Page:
Reflections on Identity by Geraldine O’Reilly
I’ve just returned from a trip ‘back home’. Like many immigrants I have more than one place I call ‘home’; in my heart ‘home’ is Melbourne, Northern England and Ireland.
Ireland has its share of problems but is generally a happening place. Its people are enjoying liberties long denied; the religious divide I grew up with has all but disappeared (hopefully it won’t return in the wake of Brexit); it’s full of interesting places to go (including the Bloomsday activities which I attended in June); stories to hear (of which there are many); glorious countryside; and, in my case, nice relatives and friends to visit. And there was a great summer and a long, dry, warm autumn.
Actually I was born and reared in England, my
Irish father having ‘crossed the water’ to find work. It was a happy home and we spent all our school holidays in Ireland.
While in England, and at school, I spent many a year singing along to ‘Land of Hope & Glory’ with school friends and the ‘BBC Home Service for Schools’. But I guess I always knew that I was a ‘Paddy’ (and, supposedly, stupid, an alcoholic, and pugilistic).
So I was surprised when I arrived in Australia that I ceased to be a ‘Paddy’ and instead became a ‘whinging Pom’, a ‘Pommie bastard’. You might remember them – they were English, never happy with anything, moaned day and night, and always ran off and joined unions that were intent on destroying the economy. Luckily they seemed to die out when other ‘foreigners’ arrived.
Now, when I’m ‘back home’ I’m sometimes referred to as ‘that Australian girl’. As far as I can tell, that’s not as problematic as being a ‘Paddy’ or a ‘Pommie bastard’. The designation certainly doesn’t get up my nose as much as the other two identities. Apart from Monty Python calling all Australians ‘Bruce’ and assuming they exhibit a little less culture than your average English person, being Australian seems perfectly fine.
Still, I think these various descriptions of me have led me to think that one’s identity is determined by where one is, and by whom one is being described. It has little to do with how one actually perceives oneself to be.
I guess the good news is, in my case anyway, being a ‘Paddy’ and/or a ‘whingeing Pom’ (experiencing racism in other words) has made me sensitive to derogatory stereotyping based on race, ethnicity, religion and so on
But that doesn’t mean I haven’t had my lessons to learn; far from it. I too have had to unlearn many of my own prejudices.
I returned to Melbourne one day after Sisto Malispina, part-owner of Pelligrini’s, was murdered. And like many others, I was greatly shocked and deeply saddened by his death. Over many years of eating at Pelligrini’s, I watched Sisto watch over his customers. I marvelled at his capacity to acknowledge each customer as though they were his friend; I smiled to see how much this cravat-wearing identity was enjoyed by everyone; and I delighted in the change of attitudes towards immigrants (‘foreigners’) that Sisto’s popularity represented.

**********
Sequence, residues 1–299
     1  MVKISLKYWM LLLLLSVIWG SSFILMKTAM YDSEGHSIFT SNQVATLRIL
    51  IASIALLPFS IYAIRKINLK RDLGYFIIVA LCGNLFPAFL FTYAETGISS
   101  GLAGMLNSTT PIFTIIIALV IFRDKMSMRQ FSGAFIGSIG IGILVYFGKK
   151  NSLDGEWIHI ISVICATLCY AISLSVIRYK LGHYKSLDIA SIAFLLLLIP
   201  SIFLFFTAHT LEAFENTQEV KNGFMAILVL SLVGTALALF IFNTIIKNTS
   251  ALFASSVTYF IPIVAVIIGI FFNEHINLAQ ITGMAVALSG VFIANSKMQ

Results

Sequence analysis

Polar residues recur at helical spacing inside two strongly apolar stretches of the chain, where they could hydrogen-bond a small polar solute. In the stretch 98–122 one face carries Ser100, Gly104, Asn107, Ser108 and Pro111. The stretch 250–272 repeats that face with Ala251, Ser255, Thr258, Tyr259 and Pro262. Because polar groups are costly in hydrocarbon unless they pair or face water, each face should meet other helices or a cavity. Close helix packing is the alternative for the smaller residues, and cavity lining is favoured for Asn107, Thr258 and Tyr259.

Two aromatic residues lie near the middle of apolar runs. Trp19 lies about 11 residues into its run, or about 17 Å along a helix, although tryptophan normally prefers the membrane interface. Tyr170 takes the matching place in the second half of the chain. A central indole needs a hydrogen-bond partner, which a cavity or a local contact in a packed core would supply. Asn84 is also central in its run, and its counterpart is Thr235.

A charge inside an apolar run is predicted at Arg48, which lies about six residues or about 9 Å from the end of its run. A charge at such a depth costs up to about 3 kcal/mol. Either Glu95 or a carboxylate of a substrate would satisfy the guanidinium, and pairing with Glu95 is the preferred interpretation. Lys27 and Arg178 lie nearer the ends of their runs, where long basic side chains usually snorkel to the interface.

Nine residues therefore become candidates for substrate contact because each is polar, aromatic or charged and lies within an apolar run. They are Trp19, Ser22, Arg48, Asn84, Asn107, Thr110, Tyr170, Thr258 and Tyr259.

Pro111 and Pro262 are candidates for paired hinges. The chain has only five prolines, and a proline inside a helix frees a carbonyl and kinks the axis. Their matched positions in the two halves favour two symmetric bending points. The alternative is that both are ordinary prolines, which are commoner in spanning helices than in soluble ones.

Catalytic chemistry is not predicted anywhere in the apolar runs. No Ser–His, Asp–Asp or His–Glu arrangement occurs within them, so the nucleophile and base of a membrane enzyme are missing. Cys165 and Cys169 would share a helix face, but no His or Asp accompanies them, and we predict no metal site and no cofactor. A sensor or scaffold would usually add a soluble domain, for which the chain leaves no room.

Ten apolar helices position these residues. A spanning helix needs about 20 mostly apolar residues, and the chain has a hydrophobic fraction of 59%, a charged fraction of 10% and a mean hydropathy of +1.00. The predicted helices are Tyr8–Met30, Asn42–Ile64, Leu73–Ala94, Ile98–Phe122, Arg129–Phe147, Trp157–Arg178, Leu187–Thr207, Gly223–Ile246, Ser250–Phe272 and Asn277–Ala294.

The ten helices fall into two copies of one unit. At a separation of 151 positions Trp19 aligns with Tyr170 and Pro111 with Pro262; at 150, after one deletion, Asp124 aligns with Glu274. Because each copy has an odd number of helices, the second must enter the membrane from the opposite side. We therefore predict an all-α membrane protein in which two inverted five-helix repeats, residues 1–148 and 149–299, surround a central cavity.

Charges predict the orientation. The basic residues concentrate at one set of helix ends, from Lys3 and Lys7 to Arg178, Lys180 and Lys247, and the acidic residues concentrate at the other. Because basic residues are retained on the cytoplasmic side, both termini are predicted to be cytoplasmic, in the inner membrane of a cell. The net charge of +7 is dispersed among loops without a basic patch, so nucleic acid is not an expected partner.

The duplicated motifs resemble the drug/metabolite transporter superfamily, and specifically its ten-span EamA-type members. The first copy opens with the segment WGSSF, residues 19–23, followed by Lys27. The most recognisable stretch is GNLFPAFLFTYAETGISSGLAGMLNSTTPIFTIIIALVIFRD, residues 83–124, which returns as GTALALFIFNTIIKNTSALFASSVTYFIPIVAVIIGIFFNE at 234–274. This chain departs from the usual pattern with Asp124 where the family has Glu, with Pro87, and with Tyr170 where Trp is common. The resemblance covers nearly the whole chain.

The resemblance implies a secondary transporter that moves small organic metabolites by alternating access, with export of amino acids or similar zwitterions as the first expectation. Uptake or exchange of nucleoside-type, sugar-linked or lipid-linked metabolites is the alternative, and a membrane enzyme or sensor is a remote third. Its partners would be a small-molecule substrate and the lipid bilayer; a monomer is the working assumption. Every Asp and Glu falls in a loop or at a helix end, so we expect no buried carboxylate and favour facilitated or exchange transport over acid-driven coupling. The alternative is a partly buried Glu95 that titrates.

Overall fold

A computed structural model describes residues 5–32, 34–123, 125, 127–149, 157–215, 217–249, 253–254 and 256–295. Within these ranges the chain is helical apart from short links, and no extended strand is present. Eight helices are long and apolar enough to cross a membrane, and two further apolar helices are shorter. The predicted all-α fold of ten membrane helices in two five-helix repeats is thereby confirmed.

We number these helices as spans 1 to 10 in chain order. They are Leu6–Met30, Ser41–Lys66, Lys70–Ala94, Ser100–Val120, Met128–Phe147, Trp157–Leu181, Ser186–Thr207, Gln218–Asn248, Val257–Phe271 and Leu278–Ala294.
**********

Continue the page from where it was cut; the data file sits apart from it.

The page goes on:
I first entered the café in late January–early February 1967 before the charismatic Sisto became part-owner. Although I was hungry, as a chips & chops type of a girl, I couldn’t imagine why anyone in their right mind would want to eat the smelly food on offer. But I was running late. I was going to the first demonstration I ever attended, against the impending execution of Ronald Ryan. With no time to explore, I settled for a gelato.
I remember complaining about it, to my friend, the whole way up to Parliament House in Spring St – it wasn’t proper ice cream was it?
My complaints were likely due to my ‘whingeing Pom’ identity – compelled as I was to moan. But perhaps, like those who now complain about the wearing of head coverings I was, without knowing it, defending Australia’s cultural heritage: doing my bit to defend Australia from gelato, from smelly food, and from the people who made them. I didn’t know any Italians at that time but I’d heard a bit about them. They were ‘Wogs’ weren’t they? And they were probably much worse than your average ‘Paddy’ or ‘whinging Pom’.
Luckily, I found my way back to Pelligrini’s. I’ve eaten there many times – my tastes having extended beyond chips and chops and my friendship group having expanded beyond ‘Paddys’ and ‘whinging Poms’.
I hope I have learnt from my experiences of racism. I’ve certainly benefited from leaving some of my own prejudices behind. I hope that by remembering that I was once a ‘Paddy’ and then a ‘whinging pom’, I am less likely to believe in some comparable negative stereotype imposed on others – such as those sometimes imposed on our more recently arrived immigrants. We’re all grown up now. Let us all enjoy the benefits of living in such a great multicultural country.
Geraldine’s mother was English and her father Irish. She grew up in England and continually returned ‘home’ as a child to the cottage in Cavan. When her father died unexpectedly, her mother migrated to Australia with her six children in 1965. She left school early to support the family but later graduated and taught Law for 20 years.